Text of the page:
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Monday, 20 October 2008
Page: 9655


Mr JOHN COBB (7:48 PM) —As the member of parliament with the most drought affected electorate in the whole country, drought is something I am only too distressingly familiar with, as obviously are my constituents. I very much sympathise with the Tasmanian farmers and all our colleagues, be they farmers or otherwise. Drought is very much an insidious creature and it does not discriminate between people. Certainly, New South Wales has had a bigger share of it than most and Western Australia has its bad times but is significantly blessed in wheat areas for it.

In Tasmania, facing the loss of their sixth growing season, rainfall figures are on average one-third of the usual levels and, despite the green appearance, many paddocks have no growth. I recently heard it rained more in the desert than in parts of Tasmania in the winter just gone. Stocking rates are down to 40 per cent, wool cuts are halved and lambing percentages are down by 60 per cent.

Unlike other states, the Tasmanian government seems to have no drought policy prepared, certainly not for the current, ongoing drought situation in Tasmania. In its budget recently, there was no allocation for drought assistance. Requests for anything extra will obviously require time and delaying cabinet approval. I am somewhat surprised the member for Lyons moved this motion congratulating the state Labor government—although, following what happened in New South Wales over the weekend, I am not surprised he is trying to paint the Tasmanian Labor government in a good light, but drought wise I do not think there is a lot to paint them for.

The TFGA, the Tasmanian Farmers and Graziers Association, with whom I have had a long association, put it succinctly last month:

TFGA drought and climate change manager Nick Flittner said the strategy—

the strategy that was needed—

would avoid the uncoordinated and ad hoc approach to drought management that had been the hallmark of the handling of the current drought.

The acting general manager, Chris Oldfield, said:

The State Government clearly has struggled with this current drought …

It sounds horribly similar to the New South Wales Labor government, who, quite frankly, skite about what they have done in drought, whereas the federal government—our previous one and the current one—have put more into two shires in my electorate, I think, than the state government has put into the entire state as far as drought assistance goes. So it seems to me that, while drought was once totally a state issue, now the states, particularly New South Wales—and obviously Tasmania is not going to go broke over it—seem to be ducking out of it. The New South Wales government has been so arrogant that it has allowed irrigators to pay all the charges for water which they cannot deliver. However, it will let them put it off for a year or so if they pay 13 per cent interest—and the government said that three years ago, when interest was about eight per cent. I would urge the member for Bass, who spoke earlier in this debate, to read the TFGA’s media release and to think through a strategy which might help the farmers in that state.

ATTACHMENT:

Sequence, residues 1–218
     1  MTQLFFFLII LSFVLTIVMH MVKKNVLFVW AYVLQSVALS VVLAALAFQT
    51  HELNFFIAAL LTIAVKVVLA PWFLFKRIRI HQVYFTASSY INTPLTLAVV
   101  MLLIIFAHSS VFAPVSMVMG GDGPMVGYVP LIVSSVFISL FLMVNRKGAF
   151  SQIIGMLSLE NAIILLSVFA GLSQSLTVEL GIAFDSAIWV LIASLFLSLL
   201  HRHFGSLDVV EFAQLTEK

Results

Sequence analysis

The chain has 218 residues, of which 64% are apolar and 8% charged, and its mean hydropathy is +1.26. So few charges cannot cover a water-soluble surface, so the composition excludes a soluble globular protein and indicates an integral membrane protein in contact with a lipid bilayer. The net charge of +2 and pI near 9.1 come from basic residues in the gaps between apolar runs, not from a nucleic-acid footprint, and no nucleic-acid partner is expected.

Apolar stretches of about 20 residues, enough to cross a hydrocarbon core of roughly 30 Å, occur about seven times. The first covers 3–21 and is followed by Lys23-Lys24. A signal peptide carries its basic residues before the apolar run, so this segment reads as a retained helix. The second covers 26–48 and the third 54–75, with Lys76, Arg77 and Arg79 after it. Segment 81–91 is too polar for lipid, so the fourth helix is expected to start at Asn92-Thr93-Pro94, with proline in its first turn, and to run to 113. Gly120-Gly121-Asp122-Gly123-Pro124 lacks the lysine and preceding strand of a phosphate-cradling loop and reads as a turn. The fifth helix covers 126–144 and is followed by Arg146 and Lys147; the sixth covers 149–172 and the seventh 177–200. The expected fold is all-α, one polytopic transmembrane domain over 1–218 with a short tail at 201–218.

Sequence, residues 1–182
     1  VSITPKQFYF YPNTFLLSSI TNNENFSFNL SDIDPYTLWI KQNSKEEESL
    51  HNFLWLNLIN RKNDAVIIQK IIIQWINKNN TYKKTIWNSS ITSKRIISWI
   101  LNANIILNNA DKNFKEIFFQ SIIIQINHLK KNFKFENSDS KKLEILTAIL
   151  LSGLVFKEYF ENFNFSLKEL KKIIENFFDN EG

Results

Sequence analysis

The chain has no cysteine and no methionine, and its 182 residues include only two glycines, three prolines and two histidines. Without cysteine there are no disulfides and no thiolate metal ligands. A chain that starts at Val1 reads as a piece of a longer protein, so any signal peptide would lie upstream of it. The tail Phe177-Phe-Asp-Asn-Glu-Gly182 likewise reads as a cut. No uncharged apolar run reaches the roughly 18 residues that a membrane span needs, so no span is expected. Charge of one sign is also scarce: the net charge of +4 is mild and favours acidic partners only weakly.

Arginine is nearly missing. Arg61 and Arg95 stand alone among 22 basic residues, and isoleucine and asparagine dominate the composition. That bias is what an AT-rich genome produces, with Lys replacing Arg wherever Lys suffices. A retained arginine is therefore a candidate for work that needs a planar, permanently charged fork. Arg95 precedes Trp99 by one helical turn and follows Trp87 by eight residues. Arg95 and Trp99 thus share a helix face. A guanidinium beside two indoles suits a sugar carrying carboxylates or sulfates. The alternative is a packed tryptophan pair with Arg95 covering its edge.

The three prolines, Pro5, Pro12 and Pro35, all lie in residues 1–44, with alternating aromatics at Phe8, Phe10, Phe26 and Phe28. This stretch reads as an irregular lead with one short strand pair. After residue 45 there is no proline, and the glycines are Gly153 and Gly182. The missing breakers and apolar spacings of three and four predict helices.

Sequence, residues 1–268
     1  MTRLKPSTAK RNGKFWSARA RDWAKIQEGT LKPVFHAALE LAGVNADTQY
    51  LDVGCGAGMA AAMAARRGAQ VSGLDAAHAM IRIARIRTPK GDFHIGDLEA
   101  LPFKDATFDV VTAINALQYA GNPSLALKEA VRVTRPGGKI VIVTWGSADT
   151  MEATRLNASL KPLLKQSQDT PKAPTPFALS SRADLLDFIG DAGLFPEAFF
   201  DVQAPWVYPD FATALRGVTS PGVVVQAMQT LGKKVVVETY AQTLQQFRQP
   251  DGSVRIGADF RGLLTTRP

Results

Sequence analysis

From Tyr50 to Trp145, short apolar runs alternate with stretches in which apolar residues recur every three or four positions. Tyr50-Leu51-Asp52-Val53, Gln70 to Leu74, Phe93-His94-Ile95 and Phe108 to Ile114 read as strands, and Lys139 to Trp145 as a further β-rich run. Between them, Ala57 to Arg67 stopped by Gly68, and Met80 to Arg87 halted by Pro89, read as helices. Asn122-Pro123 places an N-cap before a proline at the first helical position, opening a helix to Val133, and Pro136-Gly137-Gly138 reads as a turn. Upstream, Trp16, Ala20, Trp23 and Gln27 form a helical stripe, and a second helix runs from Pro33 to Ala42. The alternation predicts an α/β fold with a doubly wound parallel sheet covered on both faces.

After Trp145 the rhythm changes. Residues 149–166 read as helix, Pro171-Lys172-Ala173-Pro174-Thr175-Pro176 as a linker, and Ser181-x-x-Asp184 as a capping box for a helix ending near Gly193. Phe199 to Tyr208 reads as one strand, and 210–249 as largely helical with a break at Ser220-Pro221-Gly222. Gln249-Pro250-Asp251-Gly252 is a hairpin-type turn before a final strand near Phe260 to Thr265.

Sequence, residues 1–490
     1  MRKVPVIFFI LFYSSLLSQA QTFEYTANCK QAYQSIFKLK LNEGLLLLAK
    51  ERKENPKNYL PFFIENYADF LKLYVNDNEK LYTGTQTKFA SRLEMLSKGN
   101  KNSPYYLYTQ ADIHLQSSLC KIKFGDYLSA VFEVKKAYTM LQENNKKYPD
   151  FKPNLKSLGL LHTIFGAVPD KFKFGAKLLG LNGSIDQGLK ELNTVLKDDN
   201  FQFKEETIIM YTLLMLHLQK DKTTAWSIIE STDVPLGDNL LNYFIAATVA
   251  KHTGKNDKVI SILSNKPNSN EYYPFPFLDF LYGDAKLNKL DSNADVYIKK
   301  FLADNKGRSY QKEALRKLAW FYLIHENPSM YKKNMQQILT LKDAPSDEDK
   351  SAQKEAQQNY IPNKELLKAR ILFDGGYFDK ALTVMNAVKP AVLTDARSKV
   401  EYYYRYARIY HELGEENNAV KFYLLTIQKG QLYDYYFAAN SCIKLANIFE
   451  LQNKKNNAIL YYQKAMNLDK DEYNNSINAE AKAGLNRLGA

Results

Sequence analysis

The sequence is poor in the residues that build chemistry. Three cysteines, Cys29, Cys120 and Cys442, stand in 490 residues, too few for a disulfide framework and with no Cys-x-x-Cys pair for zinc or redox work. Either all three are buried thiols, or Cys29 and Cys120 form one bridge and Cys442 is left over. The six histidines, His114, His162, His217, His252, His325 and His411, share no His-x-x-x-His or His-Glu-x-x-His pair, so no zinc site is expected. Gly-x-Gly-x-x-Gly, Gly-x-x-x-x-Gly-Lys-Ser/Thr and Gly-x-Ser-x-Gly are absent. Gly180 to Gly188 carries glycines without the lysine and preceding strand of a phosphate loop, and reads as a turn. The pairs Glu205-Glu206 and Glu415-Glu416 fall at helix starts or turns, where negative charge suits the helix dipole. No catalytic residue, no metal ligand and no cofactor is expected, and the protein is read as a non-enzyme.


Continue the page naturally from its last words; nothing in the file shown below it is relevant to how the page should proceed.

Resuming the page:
They say that adversity breeds kindness, and I have seen many acts of generosity during the six or seven years of drought in my electorate. Rotary and the CWA have been towers of strength. They give enormous support to rural communities. In fact, I recall that we asked the CWA to allocate nearly $10 million in New South Wales, probably twice that amount around Australia. Organisations like that do an incredible amount to help, and they do what is not a pleasant job. I remember that, in just a week, donations to a fodder and grain drive being organised by the Rotary Club of Everdale included 100 bales of hay, eight tonnes of pallets and grain and almost $10,000 in cash. This was a group of people getting together to help farmers who were not in their part of the world. (Time expired)


The DEPUTY SPEAKER (Hon. JE Moylan)—Order! The time allotted for this debate has expired. The debate is adjourned and the resumption of the debate will be made an order of the day for the next sitting.